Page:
Short and smart thriller for the online age
David Kim (John Cho) desperately traces the digital footstep of his missing teenage daughter.
Like Taken but with social media right?
However, this is all filmed from the perspective of Cho’s character surfing the internet with calls, facetime and his activity as he searches his daughter’s hidden social media accounts. The found footage element of this film feels very of the time, and nothing feels particularly jarring, it’s all just a natural use of social media, and there’s an excellent use of direction (would you call it that, editing maybe?)
I didn’t necessarily dislike the “filmed through screens” motif throughout the movie I just felt the movie was simultaneously defined and confined by its concept. (I never said this review was going to make any sense!)
The story and the background story, especially in the beginning with the story of Margot’s mother Pam, playing out beautifully through pictures, calendar and other online devices. I think for a relatively short film we don’t usually get this level of backstory and it’s executed beautifully.
However, as the film progresses and we realise Margot Kim is missing we’re stuck with this one perspective, and sometimes this becomes frustrating as an audience member as we have plot points explained to us- usually by newscasters. I think this is probably my main frustration with films like this such as Unfriended and Megan is Missing where we’re delivered plot points secondhand.
Unlike Megan is Missing, of which this film shares similarities (girl goes missing, and it’s all filmed found footage computer style.) However, maybe it’s because we live in a more technological infused society then we did seven years ago, or perhaps it’s because Searching spends a lot of time getting to us to invest in these characters and the internet sites are all real and well-defined places we know from going there ourselves.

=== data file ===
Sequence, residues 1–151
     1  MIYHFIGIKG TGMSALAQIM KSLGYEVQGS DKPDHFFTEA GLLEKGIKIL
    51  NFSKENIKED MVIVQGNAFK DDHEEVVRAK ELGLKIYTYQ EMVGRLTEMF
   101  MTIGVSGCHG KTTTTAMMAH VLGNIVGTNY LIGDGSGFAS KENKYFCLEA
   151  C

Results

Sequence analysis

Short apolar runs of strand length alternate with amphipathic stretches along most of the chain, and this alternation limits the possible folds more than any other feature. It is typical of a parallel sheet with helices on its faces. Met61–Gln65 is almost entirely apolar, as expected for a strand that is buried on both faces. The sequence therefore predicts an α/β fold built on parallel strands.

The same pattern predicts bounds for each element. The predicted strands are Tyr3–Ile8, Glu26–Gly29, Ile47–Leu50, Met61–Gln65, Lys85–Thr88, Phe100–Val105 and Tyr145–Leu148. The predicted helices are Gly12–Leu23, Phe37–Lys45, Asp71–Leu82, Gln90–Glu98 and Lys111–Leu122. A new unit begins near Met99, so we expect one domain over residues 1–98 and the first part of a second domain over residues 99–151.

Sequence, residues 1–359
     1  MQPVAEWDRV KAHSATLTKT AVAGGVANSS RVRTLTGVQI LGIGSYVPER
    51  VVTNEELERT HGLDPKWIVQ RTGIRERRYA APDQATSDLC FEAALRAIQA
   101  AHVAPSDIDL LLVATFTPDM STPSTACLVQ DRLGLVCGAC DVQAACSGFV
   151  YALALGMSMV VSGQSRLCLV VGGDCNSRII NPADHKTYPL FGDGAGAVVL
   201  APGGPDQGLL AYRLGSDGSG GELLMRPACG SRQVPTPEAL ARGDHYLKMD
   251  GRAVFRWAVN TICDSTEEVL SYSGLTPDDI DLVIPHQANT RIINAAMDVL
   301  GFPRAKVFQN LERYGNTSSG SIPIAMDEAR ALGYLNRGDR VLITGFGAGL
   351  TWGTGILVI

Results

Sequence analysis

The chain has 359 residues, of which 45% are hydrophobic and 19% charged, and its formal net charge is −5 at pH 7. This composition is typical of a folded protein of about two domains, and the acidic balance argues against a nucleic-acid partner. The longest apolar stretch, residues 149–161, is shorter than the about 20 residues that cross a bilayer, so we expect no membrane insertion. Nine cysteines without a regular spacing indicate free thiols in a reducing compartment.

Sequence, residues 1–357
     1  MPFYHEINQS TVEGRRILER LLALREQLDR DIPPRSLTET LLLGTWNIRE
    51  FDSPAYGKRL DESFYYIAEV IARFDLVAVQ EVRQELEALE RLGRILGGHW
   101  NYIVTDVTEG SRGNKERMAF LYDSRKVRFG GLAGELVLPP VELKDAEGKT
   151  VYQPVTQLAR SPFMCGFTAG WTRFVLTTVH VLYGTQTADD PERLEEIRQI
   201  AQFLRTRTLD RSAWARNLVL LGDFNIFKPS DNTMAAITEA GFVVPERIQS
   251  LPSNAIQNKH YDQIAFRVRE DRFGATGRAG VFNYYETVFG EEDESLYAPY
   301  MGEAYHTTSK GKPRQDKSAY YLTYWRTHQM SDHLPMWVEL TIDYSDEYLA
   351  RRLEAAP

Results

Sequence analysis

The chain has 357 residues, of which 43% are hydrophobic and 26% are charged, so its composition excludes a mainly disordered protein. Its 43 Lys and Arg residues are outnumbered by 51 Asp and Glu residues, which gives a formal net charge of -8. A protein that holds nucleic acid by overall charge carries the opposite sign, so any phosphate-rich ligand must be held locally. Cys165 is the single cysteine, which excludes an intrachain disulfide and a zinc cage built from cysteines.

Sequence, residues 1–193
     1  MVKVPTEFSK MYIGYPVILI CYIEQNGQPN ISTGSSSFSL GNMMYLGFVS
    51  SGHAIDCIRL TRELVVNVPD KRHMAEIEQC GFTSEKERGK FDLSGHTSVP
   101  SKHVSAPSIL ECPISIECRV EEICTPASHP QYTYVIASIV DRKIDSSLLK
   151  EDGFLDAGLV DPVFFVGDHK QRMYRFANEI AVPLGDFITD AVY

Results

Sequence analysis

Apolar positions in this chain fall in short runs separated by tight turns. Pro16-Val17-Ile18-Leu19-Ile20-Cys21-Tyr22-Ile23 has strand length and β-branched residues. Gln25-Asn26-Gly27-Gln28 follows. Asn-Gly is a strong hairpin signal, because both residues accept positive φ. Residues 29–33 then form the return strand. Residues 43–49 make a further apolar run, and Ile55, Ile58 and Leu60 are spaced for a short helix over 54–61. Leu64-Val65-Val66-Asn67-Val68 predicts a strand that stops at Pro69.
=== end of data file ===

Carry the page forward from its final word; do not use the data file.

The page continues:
I think the use of social media profiles to define the characters. It’s all natural, from the way characters act when they know they are on camera to the way people react to events such as a disappearance on social media (there’s even a Reddit shoutout which I thought was clever.) The most substantial element of the through a screen element in the definition of the missing daughter- Margot- thoughts and feelings are unfurled as her dad investigates what was going on with her.
John Cho is also fantastic in this movie, and as he’s driving the full force of the story and as a lot of the story relies on his natural reactions he plays the missing dad perfectly. Stoic and intelligent but also irrational and desperate you were complete with him for every response.
And the guy who plays his brother is a bright light within the film as well. I was kind of disappointed with Debra Messing’s character as I don’t feel like she was as complex as the rest of the cast.
Storywise this is a psychological thriller, if you like a well-executed plot with enough twists and turns to keep you guessing then this is for you. If you’re here for a complicated thriller with action and gore, then look somewhere else.
This is an unquestionable tight story and enjoyable hour and a half (I think if it’d come out on Netflix it would have received a lot more attention), but this isn’t a wasted trip